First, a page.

Some cats may drool when traveling in a car or experiencing motion sickness. This can be due to anxiety or discomfort related to the motion. If your cat consistently drools during car rides, it's best to consult a veterinarian for advice on managing travel-related stress.

7. Heatstroke

Cats can drool excessively when they are overheated or suffering from heatstroke. If your cat is drooling, panting heavily, or showing signs of distress in hot weather, it's crucial to seek immediate veterinary care.

Do Cats Drool When Stressed?

 When a cat experiences stress or anxiety, it can lead to excessive salivation and drooling in some cases.

Stressful situations for cats can include visits to the veterinarian, car rides, being introduced to new environments, or encountering unfamiliar people or animals. Each cat is unique, so their response to stress can vary. Some cats may drool as a result of stress, while others may display different behaviors such as hiding, aggression, or excessive grooming.

Why Does My Cat Drool When I Pet Him?

If your cat drools when you pet him, it could be a sign of pleasure or relaxation. Some cats exhibit a behavior known as "kneading," where they rhythmically push their paws against a soft surface, such as your lap or a blanket, while purring. This behavior is often associated with contentment and can be accompanied by drooling.

When a cat is deeply relaxed and enjoying the interaction with you, it can trigger a reflex that stimulates the salivary glands, resulting in drooling. This response is similar to how some cats may drool when they are kneading on a comfortable surface.

Why Does My Cat Drool When I Pet Him | Puainta

Should I Be Worried if My Cat Drooling Excessively But Acting Normal?

Excessive drooling in cats can sometimes be a cause for concern, but it's important to consider the overall behavior and health of your cat to determine if it is a serious issue.

In some cases, mild drooling can be normal for cats, especially if they are excited, anxious, or anticipating food. However, if you notice a sudden increase in drooling that seems excessive or if your cat is drooling excessively for an extended period, it could indicate an underlying problem.

Why is My Cat Drooling and Not Eating?

There could be several reasons why your cat is drooling and not eating. 

  • Dental issues
  • Oral injuries
  • Upset stomach,
  • Gastroenteritis

It's essential to monitor your cat closely and observe any other symptoms they may be exhibiting, such as lethargy, vomiting, diarrhea, or changes in behavior. Contact your veterinarian as soon as possible to discuss your cat's symptoms and seek appropriate veterinary care.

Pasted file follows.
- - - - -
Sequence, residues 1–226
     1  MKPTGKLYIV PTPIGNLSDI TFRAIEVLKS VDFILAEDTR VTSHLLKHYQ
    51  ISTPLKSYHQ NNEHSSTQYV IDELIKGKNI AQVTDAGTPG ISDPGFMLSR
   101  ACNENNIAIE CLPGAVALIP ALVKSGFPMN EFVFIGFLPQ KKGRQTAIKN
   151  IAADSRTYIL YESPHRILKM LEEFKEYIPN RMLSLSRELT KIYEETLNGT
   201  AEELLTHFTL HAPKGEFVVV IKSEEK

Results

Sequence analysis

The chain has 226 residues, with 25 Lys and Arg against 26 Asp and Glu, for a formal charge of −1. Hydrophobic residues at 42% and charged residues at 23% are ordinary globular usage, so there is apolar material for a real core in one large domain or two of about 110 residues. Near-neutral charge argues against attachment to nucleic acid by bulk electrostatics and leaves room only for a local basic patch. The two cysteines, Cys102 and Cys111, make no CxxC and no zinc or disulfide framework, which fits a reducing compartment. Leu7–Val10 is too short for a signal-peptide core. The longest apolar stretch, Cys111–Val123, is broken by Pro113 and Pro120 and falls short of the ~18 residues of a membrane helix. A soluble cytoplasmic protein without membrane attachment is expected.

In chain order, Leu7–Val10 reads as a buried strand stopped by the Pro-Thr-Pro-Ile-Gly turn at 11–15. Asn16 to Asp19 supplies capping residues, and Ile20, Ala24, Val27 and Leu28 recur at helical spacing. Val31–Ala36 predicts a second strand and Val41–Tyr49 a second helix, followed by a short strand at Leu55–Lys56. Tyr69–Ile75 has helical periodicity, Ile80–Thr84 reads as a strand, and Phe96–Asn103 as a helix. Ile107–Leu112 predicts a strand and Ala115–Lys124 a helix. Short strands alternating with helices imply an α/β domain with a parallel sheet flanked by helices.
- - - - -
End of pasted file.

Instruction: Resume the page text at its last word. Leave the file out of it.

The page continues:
Are Drooling and Lethargy Normal for Cats?

Drooling and lethargy can occur in cats for various reasons, and their significance depends on the context and severity. While some drooling can be normal, especially if it occurs during moments of relaxation or contentment, excessive drooling or drooling accompanied by other symptoms could indicate an underlying issue. Here are some possible causes of drooling and lethargy in cats:

  • Infections and illnesses: Various infections, such as upper respiratory infections, can cause drooling and lethargy in cats. Systemic illnesses, including kidney or liver disease, can also manifest with these symptoms.
  • Heatstroke: When exposed to high temperatures, cats can experience heatstroke, which can lead to drooling, weakness, and lethargy. This is a medical emergency and requires prompt veterinary intervention.

When Should You Call the Vet About Cat Drooling?

If you notice your cat drooling excessively, it may be a cause for concern and should prompt you to consider contacting a veterinarian.  Here are some situations when you should consider calling the vet:

  • Excessive drooling
  • Difficulty eating or drinking
  • Lethargy
  • Loss of appetite
  • Vomiting
  • Diarrhea
  • Difficulty breathing
  • Injury or trauma

In most cases, cats drool intermittently with a small amount of saliva. If your cat is drooling excessively, it is best to seek medical examination as soon as possible, as some of the causes can be very serious and early detection and treatment is always best.